Video games targeted in media amidst concerns of gun violence

In the wake of recent shooting massacres here in the United States, I have heard more than one reference in news reports to "violent video games" being a cause for concern. This topic has been mentioned right alongside the need for tighter gun control legislation. I usually try to play "devil's advocate" in most controversial discussions. For instance, I don't think that the shooting in Connecticut last Friday would have been prevented by more thorough background checks. However, I also believe that the "gun culture" in this country (as paraphrased recently by Bob Costas to mixed reaction among sports fans and NRA fans) has grown to a point that needs more assessment. Likewise, I am quick to dismiss video games as a cause of violent tendencies (full disclosure: I am a gamer!), but I also see the value in limiting exposure of these games to young children.

Violent video games and movies may be a part of the American "gun culture" that the NRA ambiguously promotes in their lobbying action, yet diminishes as a potential cause of gun violence. Video games that simulate war, or gang violence, or (worse?) predation on innocent civilians, have for many years been the target of various social-minded groups and parent/teacher organizations. A gamer could cite any number of studies that refute a positive correlation between video games and real-world violence. In fact, there was a correlation study recently that charted a decrease in youth violence as an inverse relationship to the growth of the number of younger people playing video games. This may be a fun fact, but I do not personally place a large stock in correlation. If video games are to be a focal point in the conversation about American "gun culture", then we need to address why people think this is a concern.

While video games with immersive, first-person violence may be relatively new, the childhood fantasy of battles and killing is nothing new at all. Just look at any reference to the golden days of yore, that mythical suburban Americana captured by Norman Rockwell. There are children playing "cowboys and indians", likely dressed up with a holster and six-shooter. Or maybe playing with "army men", re-enacting glorious battles where many, many lives are lost. Is there a single person alive today that at some point in childhood did not pretend to be "dead" after getting "shot"? One could argue that guns are as integral to the American identity as baseball and apple pie filling. Considering our Second Amendment right along with the assumption that violence is inherent in our human nature, there should be no surprise that America would have so many cases of gun violence. It may be that video games promote fantasies of gun violence, but video games also offer a non-violent avenue to enact those fantasies.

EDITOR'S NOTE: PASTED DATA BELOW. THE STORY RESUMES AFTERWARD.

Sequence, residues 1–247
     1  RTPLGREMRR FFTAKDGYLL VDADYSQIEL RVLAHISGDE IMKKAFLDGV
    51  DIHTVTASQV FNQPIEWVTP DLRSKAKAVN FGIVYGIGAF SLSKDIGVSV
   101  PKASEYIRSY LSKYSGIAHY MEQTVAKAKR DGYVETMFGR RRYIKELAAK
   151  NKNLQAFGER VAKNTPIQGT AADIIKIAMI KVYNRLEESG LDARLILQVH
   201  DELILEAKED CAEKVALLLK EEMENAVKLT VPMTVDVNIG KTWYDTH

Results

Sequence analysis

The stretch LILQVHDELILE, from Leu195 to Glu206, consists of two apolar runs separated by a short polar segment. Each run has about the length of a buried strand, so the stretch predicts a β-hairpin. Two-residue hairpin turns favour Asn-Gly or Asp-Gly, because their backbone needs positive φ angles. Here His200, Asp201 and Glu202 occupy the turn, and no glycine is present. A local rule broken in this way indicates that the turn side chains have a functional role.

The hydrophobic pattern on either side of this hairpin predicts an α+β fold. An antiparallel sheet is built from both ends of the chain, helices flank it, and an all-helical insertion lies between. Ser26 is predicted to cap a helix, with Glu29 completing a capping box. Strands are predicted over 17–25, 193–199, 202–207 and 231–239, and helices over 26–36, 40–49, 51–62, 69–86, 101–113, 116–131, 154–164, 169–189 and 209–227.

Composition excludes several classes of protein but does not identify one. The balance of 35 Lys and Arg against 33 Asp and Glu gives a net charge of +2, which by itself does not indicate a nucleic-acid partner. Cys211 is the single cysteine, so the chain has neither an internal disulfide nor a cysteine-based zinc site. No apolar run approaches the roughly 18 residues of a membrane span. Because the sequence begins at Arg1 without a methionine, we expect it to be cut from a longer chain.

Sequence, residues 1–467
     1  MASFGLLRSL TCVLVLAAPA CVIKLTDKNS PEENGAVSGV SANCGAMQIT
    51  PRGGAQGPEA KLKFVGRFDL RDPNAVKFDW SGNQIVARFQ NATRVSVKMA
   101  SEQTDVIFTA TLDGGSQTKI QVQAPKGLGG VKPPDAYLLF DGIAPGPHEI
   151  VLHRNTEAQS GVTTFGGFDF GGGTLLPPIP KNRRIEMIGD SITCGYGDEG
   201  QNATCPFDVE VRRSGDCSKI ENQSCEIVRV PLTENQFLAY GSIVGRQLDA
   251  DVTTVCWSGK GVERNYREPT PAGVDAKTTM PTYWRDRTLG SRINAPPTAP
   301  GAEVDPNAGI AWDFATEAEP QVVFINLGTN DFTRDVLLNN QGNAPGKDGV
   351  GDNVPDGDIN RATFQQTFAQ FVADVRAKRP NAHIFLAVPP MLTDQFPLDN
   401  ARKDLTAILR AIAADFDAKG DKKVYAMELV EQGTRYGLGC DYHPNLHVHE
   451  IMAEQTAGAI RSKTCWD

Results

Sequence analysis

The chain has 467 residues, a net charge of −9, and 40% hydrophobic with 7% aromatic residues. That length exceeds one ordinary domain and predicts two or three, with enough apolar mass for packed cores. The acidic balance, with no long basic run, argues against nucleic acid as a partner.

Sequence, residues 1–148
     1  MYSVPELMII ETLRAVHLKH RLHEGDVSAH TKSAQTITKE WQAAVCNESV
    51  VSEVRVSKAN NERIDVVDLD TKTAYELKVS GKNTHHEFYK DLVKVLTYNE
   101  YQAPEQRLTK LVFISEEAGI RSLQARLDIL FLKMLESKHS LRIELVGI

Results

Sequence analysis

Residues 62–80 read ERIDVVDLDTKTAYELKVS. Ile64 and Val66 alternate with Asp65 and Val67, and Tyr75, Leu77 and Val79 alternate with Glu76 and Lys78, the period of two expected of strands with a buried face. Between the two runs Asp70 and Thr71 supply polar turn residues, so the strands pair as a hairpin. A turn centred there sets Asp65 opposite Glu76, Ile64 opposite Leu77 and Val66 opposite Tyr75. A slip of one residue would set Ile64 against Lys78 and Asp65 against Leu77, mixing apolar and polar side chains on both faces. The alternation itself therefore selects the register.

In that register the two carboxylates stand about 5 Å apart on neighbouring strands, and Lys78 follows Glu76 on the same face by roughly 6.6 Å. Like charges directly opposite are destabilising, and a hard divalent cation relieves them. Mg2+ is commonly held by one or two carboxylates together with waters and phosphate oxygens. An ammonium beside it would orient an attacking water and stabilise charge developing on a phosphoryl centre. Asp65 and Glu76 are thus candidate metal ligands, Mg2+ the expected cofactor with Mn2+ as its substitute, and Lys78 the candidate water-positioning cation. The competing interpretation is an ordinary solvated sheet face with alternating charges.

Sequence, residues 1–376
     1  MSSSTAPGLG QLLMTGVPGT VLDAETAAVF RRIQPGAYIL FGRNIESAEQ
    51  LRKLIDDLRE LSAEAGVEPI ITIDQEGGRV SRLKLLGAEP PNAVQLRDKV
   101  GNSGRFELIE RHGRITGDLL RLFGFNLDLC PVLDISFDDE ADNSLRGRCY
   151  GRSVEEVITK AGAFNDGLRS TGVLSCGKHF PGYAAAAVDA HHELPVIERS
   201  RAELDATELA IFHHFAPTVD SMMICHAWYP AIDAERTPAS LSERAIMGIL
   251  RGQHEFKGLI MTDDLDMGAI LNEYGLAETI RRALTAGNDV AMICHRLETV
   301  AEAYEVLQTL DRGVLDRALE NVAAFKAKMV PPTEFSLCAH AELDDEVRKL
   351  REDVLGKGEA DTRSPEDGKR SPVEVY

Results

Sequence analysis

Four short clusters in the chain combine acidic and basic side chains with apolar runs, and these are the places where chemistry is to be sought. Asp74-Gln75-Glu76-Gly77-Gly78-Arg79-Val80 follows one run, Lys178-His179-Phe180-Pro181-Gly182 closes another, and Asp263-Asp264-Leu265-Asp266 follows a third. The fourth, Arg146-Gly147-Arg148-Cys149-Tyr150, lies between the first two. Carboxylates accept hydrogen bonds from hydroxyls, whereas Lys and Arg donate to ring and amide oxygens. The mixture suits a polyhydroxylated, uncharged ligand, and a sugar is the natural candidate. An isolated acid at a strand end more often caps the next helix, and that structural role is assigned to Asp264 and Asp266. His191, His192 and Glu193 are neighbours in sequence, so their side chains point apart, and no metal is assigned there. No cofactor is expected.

I do not own a gun, but I do think about it sometimes. I have a 7-year old daughter at home, and my wife and I aren't quite comfortable with the idea of having a firearm in the house, given the number of accidents that have happened to people in that situation. Video games have provided some anecdotal fodder for a discussion of gun ownership, such as "what would we do in the event of a zombie apocalypse?". This argument, of course, is merely masking the legitimate concern for safety in a state of anarchy. A real natural disaster (Hurricanes Katrina and Sandy) could create a situation where my family could be in mortal danger from looters. I don't think I am off the mark to say that a large portion of gun sales are to people that either don't trust the government to protect them, or who are just plain scared 24/7 of being attacked at any time. People that play violent video games aren't trying to stave off a personal fear, they are more likely enjoying a fantasy simulation because of the very fact that it is SO far from their perceived reality.

Ultimately, I believe violent video games and movies are more of a product of "gun culture" than a cause of it. The idea that video games are a cause for concern is usually promoted by an older adult in reference to a teenager or twenty-something that has committed a horrible atrocity. This is akin to blaming heavy metal music. There may be a platform to discuss the access that children have to M-rated content, but it should not be linked to such an emotional time after a school shooting. It is natural for grieving members of a community to seek blame in a case such as this in Connecticut. But we should be wary when the topic starts to waver into distracting territory that will never address a real solution.